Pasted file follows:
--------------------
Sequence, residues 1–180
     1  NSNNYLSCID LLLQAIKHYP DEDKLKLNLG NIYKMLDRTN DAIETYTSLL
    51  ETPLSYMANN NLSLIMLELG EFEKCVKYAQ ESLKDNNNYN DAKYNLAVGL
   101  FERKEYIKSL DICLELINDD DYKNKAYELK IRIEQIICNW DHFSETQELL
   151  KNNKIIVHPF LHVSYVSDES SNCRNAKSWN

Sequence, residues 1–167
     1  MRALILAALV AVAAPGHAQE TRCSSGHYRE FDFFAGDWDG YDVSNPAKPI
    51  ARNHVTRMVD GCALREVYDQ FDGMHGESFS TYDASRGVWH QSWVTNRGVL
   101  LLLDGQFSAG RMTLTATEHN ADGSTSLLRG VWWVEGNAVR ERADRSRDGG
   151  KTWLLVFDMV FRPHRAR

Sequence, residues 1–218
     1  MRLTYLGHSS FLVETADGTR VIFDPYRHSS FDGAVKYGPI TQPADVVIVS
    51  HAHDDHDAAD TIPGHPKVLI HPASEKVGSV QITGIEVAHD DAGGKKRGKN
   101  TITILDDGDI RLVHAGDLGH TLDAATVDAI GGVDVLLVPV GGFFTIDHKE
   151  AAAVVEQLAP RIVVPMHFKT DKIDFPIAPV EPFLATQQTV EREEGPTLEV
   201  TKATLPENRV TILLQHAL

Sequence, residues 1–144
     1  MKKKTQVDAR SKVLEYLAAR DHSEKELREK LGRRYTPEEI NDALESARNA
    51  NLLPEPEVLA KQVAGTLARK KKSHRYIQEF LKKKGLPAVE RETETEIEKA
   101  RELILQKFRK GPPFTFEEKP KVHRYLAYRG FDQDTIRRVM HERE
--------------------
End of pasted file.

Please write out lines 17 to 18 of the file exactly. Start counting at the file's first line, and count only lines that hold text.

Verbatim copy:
Sequence, residues 1–144
     1  MKKKTQVDAR SKVLEYLAAR DHSEKELREK LGRRYTPEEI NDALESARNA